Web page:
- On Capitol Hill
- On Wall Street
- In the Press
- Policy Reform Work
Our projects are designed to empower policy makers to create positive change. With a focus on collaboration and outreach, we provide original, standards-based research on key policy issues.
SCEPA joined with the Economic Policy Institute on Capitol Hill to brief congressional staff and policy experts on tax expenditures, or incentives given through the tax code without scrutiny by Congress.
SCEPA economists are working on the prospects for a more progressive economic order to emerge from the shock of the recession. They have published papers and documents that place current events in a longer-term context as well as policy proposals to deal with short-term concerns. They are also documenting the emerging discussion of how the discipline of economics is reacting to the Great Recession and the questioning of conventional economic analysis.
Lance Taylor, a SCEPA Faculty Fellow, presents an overview of his new book, Maynard’s Revenge, in a Google Tech Talk.
The book, published this November by Harvard University Press, is a timely analysis of mainstream macroeconomics, posing the need for a more useful and realistic economic analysis that can provide a better understanding of the ongoing global financial and economic crisis.
The government spends $143 billion through tax breaks in an effort to expand pension coverage and security. Yet, over half of the American workforce does not have a pension. Retirement insecurity hurts business plans, workers’ lives and retiree well-being. Reform is needed.
SCEPA’s Guaranteeing Retirement Income Project, sponsored by the Rockefeller Foundation and in collaboration with Demos and the Economic Policy Institute, has a plan to guarantee safe and secure retirement income for all Americans.
'Eminent Economists in the World Today,' the sequel to 'Eminent Economists,' presents the ideas of influential economists of the last 50 years. SCEPA is proud to announce that Anwar Shaikh, economist and professor at The New School for Social Research, is included in this distinguished honor, which recognizes his work on the economic patterns of the developed world.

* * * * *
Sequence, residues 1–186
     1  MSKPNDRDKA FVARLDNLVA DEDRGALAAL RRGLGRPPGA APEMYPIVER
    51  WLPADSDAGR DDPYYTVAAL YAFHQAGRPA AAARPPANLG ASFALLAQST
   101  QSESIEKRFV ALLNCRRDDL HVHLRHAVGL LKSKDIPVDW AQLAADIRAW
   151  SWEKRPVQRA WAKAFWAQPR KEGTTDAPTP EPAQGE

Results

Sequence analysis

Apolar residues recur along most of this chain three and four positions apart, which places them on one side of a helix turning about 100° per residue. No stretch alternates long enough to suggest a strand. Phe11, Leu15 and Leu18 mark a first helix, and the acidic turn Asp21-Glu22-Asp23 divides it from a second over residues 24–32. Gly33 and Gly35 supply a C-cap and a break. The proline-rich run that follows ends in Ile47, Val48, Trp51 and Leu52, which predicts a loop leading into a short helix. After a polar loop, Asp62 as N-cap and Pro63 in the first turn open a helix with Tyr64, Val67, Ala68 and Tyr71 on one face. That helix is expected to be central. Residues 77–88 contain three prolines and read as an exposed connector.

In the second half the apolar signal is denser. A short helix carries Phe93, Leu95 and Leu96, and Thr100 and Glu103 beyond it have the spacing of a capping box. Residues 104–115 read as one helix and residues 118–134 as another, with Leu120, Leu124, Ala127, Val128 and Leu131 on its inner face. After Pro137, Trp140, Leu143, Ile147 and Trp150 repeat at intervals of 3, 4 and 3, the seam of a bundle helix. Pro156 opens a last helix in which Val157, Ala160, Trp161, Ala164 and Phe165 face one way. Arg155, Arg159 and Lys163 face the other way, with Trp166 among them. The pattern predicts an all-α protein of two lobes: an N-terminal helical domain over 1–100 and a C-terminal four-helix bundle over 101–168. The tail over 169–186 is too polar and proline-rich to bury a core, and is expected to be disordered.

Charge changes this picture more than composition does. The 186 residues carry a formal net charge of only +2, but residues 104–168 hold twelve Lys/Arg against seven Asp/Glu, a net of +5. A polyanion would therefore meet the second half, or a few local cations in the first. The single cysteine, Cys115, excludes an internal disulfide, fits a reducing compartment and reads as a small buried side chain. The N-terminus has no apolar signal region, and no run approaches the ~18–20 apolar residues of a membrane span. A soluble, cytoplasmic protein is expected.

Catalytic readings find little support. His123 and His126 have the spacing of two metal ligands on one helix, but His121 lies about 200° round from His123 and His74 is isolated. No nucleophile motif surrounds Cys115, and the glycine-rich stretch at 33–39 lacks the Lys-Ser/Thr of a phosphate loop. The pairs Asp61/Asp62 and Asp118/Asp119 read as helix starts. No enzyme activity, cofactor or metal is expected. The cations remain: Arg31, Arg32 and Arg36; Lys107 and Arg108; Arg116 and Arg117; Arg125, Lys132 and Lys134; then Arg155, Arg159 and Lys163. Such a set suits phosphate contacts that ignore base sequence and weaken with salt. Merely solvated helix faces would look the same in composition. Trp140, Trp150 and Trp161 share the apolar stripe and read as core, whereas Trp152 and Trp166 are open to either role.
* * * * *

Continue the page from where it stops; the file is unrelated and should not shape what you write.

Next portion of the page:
Shaikh has always held the belief that economics is a moral science and has dedicated his research to understanding inequality. His entry, "Order In and Through Disorder" is a brief autobiography that captures significant moments in his life that influenced his research.
This week's Worldly Philosopher, Gregor Semieniuk, writes on the trade-off between increased computing power and climate change.
Many commentators believe that exponential increases in computing power will lead to tremendous improvements in human welfare - at almost no cost per additional unit, or "marginal" cost.
Erik Brynjolfsson and Andrew McAffee (BM hereafter) express this view in their new book, "The Second Machine Age," and give examples of new technologies that are only possible thanks to recent and ongoing advances in information technology: self-driving cars, real-time translation software, and smart robots that can be taught new movement routines by guiding their arms, rather than programming a new software.
While these innovations are truly breathtaking in their technological sophistication, the authors are wrong to assert that these products and services come at "almost zero marginal cost of reproduction" (BM p. 62). Information technology (IT) - and the "information economy" it fuels - is not energy-neutral. Rather, its energy needs are quite costly, coming from fossil fuels that emit greenhouse gases and continue to supply 80% of the world's energy.
Technologies' use of energy is also costly in its contribution to climate change, which is now widely agreed to have adverse consequences for human welfare (IPCC 2014 and Tony Bonen's blog; Duncan Foley (2013) examines IT's growth trajectory from a classical political economy perspective). Economists and policy makers need to re-examine the claim that life-improving digital technologies are cost-free after their initial development costs.
SCEPA Faculty Fellow Rick McGahey's opinion piece on CNN.com today, "How Paul Ryan's Budget Fails," calls out the House-approved budget for using 'voodoo economics' to pose as 'balanced' while calling for tax cuts for millionaires.
In short, McGahey notes, the math fails, which leaves a budget meant more for political posturing than for the health of the nation's economy.
"How can Ryan claim that his budget is balanced? By invoking what used to be called "voodoo economics" -- assuming budget cuts and unfair tax cuts will unleash economic growth and generate enough tax revenue.
Former Reagan administration economist Bruce Bartlett has criticized this approach as "just another way for Republicans to enact tax cuts and block tax increases. It is not about honest revenue-estimating; it's about using smoke and mirrors to institutionalize Republican ideology into the budget process."
Of course, Paul Ryan isn't stupid, so why the phony budget math and the return of voodoo economics? Because it serves his presidential ambitions."